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M. Night Shyamalan Had an "Arthouse" Cut Of 2015's The Visit We'll Never Get to See
"I'm always sad that's not in there, but it went away for the right reasons," Shyamalan explained about The Visit.
Following the back-to-back misfires that were The Last Airbender (2010) and After Earth (2013), moviegoers began to wonder if writer/director M. Night Shyamalan had simply lost his touch. Was the filmmaker who had refreshingly disrupted the ghost story, superhero, and alien invasion genres with The Sixth Sense (1999), Unbreakable (2000), and Signs (2002) becoming a creative shell of his former self?
He effectively proved the naysayers wrong in 2015 with the release of a back-to-basics found footage horror flick, The Visit (watch it on Peacock right here), a mystery-thriller centered around two kids who suspect something to be very wrong with grandparents they've never met before.
Produced on a meager budget of just $5 million, the project (backed by Blumhouse and Universal Pictures) brought in favorable reviews and close to $100 million at the worldwide box office, effectively restoring Shyamalan's reputation as a genre force to be reckoned with.
The "arthouse" cut of The Visit we'll never get to see
A stripped-down, less is more, almost indie approach was the right move here. After all, the director needed to rebuild goodwill by reminding audiences of why they'd fallen in love with his movies in the first place.
Anything too avant-garde or excessive might have run the risk of alienation and another failure, which is why Shyamalan smartly decided against an "arthouse cut" of The Visit that will most likely never see the light of day. "The very first cut was the arthouse cut, and that one was really esoteric," he revealed during a 2015 interview with MovieWeb.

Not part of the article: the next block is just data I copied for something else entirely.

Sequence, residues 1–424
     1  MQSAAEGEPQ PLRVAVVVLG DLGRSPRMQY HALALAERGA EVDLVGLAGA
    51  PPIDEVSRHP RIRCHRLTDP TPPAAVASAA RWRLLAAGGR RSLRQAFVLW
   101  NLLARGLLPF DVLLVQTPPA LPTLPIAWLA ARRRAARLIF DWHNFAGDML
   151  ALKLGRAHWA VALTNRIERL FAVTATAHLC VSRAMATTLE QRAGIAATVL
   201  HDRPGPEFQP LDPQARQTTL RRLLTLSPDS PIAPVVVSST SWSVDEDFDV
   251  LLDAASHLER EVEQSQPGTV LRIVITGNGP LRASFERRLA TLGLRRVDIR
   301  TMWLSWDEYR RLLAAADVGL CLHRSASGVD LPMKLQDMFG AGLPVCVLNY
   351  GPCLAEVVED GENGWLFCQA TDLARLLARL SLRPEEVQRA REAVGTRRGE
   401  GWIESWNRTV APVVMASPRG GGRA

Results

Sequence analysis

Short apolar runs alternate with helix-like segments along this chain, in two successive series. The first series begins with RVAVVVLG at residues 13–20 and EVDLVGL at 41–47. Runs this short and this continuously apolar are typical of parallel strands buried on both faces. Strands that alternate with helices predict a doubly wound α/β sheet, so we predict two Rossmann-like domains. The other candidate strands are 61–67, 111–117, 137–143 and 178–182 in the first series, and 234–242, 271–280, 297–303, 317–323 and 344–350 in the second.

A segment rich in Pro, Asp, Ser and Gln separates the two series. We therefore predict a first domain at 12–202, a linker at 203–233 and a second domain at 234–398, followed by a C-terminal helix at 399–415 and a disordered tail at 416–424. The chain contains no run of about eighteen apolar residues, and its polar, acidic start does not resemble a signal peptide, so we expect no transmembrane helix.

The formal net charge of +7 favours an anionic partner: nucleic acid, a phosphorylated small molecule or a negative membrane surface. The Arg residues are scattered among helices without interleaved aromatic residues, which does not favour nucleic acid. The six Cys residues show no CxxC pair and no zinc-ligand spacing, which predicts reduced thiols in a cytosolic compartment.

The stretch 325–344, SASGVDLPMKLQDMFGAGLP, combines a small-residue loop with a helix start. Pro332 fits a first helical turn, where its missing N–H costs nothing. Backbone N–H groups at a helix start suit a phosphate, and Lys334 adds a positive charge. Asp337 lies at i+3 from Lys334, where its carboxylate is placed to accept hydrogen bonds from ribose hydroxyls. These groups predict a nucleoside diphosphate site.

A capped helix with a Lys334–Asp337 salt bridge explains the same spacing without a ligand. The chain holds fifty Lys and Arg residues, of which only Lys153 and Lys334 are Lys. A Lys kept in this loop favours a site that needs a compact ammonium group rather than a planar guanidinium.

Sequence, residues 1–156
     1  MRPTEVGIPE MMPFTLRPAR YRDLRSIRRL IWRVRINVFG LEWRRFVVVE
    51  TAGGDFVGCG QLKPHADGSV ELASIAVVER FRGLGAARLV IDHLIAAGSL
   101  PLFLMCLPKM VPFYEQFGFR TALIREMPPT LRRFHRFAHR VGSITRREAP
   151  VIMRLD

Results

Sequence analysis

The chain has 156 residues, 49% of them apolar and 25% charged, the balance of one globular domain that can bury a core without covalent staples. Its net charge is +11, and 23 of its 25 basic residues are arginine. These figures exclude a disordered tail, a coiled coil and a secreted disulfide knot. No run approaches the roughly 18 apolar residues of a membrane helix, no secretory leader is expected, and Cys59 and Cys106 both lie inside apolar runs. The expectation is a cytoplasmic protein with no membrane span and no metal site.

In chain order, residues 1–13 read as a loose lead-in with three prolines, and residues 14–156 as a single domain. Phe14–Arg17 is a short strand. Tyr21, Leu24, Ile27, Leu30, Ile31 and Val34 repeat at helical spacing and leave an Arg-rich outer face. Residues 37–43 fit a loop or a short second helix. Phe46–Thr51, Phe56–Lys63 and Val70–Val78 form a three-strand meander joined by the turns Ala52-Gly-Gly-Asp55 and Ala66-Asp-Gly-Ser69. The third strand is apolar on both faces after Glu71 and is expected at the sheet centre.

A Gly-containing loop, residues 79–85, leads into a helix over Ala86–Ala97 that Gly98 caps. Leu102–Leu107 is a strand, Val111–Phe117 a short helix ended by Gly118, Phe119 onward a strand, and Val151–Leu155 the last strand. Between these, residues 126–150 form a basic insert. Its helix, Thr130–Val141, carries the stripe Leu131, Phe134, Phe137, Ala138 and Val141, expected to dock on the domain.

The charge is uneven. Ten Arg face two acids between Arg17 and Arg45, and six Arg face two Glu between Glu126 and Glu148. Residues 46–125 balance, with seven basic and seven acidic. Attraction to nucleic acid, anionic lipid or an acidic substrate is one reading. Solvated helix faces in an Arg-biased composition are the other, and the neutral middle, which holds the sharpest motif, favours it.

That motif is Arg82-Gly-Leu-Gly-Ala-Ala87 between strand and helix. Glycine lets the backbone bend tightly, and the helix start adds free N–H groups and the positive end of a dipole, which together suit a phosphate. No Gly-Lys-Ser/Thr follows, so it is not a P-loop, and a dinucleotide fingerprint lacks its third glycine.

The director continued: "There was this scene ... it got cut pretty early, but it's neither the comedy nor the horror. It was this bizarre speech that Pop Pop [Peter McRobbie] gives in the car, about his feeling about life. It's so weird, and it gets more and more weird and the kids are like, 'What is this?' That was kind of the arthouse part of the movie, this twisted philosophy, and I'm always sad that's not in there, but it went away for the right reasons. You have to honor one genre above all, and that one genre we honored above all, interestingly enough, was the psychological thriller. That is what the movie is, and whatever comedy could stick to it, whatever heart could stick to it, that's what ended up being the appropriate balance, that was holding everything together."
Following the success of The Visit, Shyamalan set up shop at Universal Pictures, cranking out two sequels to Unbreakable — Split (2016) and Glass (2019) — as well as two book-to-screen adaptations: Old (2021) and Knock at the Cabin (2023). That prolific partnership came to an end earlier this year when Shyamalan signed a first-look deal with Warner Bros.
The Visit is now streaming on Peacock.